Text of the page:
Thomas Friedman had an excellent op-ed a few days ago, which I’m sure has been blogged extensively, but I wanted add another voice to the mix.
Friedman said that the issue that is going to motivate voters in November is going to be the economy, not terrorism or nation building in Iraq.
Up to now, the economic crisis we’ve been in has been largely a credit crisis in the capital markets, while consumer spending has kept reasonably steady, as have manufacturing and exports. But with banks still reluctant to lend even to healthy businesses, fuel and food prices soaring and home prices declining, this is starting to affect consumers, shrinking their wallets and crimping spending. Unemployment is already creeping up and manufacturing creeping down.
The straws in the wind are hard to ignore: If you visit any car dealership in America today you will see row after row of unsold S.U.V.’s. And if you own a gas guzzler already, good luck. On Thursday, The Palm Beach Post ran an article on your S.U.V. options: “Continue to spend upward of $100 for a fill-up. Sell or trade in the vehicle for a fraction of the original cost. Or hold out and park the truck in the driveway for occasional use in hopes the market will turn around.” Just be glad you don’t own a bus. Montgomery County, Md., where I live, just announced that more children were going to have to walk to school next year to save money on bus fuel.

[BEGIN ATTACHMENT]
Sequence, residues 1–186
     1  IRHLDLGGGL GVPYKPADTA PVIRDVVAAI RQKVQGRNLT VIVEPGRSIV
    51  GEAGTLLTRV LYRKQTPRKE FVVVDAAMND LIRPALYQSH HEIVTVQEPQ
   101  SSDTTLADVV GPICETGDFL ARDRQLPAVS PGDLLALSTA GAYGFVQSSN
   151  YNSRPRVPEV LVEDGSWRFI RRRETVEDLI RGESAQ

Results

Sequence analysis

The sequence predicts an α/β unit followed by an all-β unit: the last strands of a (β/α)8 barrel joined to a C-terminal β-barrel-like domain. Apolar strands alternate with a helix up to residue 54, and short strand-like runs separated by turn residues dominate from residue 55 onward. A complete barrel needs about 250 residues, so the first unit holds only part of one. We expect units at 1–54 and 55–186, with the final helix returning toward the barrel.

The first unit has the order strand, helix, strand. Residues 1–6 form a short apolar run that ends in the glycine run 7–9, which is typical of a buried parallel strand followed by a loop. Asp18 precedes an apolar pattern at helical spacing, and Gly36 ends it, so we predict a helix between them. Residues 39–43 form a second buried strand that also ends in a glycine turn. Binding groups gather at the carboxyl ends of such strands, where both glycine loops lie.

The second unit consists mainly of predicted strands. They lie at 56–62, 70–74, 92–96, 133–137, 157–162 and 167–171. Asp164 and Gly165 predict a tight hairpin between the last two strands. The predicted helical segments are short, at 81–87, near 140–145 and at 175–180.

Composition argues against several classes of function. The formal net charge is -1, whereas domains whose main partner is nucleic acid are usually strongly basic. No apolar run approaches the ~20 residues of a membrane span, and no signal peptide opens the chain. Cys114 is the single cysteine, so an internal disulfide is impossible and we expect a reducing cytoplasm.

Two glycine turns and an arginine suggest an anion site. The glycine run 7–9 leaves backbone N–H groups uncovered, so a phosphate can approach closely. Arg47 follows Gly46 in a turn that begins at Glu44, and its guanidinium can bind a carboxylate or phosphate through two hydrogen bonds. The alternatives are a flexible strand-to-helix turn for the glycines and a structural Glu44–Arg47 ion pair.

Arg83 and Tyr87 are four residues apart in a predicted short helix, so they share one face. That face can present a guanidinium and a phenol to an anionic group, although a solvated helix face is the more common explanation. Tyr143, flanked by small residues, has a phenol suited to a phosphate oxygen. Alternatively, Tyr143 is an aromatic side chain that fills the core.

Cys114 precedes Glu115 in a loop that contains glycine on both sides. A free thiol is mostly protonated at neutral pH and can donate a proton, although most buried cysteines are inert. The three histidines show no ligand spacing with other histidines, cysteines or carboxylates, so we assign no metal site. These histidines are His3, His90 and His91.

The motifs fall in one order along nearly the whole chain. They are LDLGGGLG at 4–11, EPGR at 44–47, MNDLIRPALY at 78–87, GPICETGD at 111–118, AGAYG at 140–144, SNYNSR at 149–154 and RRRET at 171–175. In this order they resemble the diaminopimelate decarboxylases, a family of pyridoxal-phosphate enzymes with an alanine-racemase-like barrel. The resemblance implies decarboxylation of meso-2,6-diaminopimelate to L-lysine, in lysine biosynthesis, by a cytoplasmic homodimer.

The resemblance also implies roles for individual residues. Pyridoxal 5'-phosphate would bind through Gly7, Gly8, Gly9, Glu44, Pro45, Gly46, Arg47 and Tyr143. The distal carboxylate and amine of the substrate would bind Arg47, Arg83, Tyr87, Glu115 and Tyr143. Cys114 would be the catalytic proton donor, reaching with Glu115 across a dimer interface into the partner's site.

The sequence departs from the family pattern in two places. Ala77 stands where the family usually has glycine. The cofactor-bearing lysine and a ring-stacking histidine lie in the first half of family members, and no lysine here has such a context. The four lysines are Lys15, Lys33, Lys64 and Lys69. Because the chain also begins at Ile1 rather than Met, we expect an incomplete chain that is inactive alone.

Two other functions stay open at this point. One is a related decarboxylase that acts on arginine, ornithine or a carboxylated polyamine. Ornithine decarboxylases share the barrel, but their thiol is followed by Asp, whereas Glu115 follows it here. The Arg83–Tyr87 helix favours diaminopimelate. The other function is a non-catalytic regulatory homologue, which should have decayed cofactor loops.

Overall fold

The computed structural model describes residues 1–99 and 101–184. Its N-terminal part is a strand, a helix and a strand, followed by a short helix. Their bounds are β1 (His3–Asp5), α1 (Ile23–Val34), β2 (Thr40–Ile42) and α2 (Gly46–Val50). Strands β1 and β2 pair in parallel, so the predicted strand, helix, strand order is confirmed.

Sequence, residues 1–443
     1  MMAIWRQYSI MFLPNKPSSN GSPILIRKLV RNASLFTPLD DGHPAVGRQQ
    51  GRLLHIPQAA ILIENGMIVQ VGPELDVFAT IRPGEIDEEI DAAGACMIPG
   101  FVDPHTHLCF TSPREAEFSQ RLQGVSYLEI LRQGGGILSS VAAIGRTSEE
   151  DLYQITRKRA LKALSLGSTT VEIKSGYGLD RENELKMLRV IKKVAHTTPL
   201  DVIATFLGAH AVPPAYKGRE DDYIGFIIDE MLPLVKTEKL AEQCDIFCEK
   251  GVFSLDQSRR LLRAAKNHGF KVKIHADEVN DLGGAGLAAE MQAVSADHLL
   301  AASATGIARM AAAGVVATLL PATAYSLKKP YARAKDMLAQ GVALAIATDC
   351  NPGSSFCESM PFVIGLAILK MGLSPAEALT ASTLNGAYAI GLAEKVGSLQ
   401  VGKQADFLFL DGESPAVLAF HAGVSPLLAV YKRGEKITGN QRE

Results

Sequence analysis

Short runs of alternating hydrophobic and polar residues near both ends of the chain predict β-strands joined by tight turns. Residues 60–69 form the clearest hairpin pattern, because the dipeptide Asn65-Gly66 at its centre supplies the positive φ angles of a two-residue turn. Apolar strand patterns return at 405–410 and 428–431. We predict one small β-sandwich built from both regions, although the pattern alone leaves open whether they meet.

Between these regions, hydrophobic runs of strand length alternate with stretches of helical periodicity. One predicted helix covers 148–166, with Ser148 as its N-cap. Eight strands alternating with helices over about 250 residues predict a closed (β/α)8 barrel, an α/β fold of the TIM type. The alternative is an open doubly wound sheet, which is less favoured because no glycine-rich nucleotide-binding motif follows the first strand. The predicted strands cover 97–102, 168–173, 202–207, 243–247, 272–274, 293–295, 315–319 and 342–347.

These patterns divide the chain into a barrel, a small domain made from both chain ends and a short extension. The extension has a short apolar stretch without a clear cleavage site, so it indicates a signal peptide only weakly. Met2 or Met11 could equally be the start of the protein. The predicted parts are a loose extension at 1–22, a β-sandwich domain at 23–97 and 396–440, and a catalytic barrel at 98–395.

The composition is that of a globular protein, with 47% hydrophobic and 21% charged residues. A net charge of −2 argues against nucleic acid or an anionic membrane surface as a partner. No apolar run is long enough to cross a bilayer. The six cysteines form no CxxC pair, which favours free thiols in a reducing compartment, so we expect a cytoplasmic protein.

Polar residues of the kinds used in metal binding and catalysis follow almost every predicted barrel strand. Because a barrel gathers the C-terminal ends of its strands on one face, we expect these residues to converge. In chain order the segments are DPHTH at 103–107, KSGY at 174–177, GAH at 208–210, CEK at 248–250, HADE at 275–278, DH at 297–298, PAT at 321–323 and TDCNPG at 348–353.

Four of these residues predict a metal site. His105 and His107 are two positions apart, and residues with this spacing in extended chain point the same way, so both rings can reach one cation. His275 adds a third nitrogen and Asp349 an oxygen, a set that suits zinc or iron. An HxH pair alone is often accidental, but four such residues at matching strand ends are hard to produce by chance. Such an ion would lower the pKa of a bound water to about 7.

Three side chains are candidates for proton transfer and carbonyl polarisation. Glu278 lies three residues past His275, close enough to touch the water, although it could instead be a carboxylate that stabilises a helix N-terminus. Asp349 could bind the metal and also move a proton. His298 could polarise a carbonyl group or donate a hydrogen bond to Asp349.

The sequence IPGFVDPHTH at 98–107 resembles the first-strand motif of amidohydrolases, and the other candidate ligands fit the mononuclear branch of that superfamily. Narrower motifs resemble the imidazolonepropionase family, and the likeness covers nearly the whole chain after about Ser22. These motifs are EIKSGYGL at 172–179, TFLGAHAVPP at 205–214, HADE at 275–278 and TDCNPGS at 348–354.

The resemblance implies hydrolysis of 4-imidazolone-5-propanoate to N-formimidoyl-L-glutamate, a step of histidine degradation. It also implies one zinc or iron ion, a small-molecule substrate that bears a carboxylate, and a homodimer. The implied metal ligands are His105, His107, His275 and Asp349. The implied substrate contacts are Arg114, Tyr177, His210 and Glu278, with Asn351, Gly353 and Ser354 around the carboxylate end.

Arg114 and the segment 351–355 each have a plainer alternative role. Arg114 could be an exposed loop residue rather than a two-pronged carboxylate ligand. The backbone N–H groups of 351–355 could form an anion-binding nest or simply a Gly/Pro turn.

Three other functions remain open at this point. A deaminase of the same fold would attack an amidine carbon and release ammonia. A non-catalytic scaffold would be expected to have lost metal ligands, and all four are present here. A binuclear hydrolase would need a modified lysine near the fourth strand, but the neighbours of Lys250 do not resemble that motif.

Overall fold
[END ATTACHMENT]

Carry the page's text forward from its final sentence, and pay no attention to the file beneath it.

gets the pessimism and the pinch that most Americans are feeling right
now. He says that our government has really failed to deal properly
with the economic downturn and that this will the biggest challenge for
I can see the pinch at home amongst my neighbors. Kids
aren’t going to camp. Swim club registrations are being cancelled and
replaced with cheap pools from Toys ‘R Us. Vacations aren’t happening.
On Wall Street, the few remaining workers are hunkering down for the
Which party is going to deal with these challenges the
best? Friedman has no heros. Surprisingly, the answer may lie in Brooks
column for today.Brooks writes,
rising economic sectors tend to favor Democrats while declining
economic sectors are more likely to favor Republicans. The Democratic
Party (not just Obama) has huge fund-raising advantages among people
who work in electronics, communications, law and the catchall category
of finance, insurance and real estate. Republicans have the advantage
in agribusiness, oil and gas and transportation.
business of the past is keeping us hooking on oil and reliant upon old
economic models. The new rich are supportive of high taxes on
themselves, willing to look at new modes of domestic policy, and voting
Democratic in November.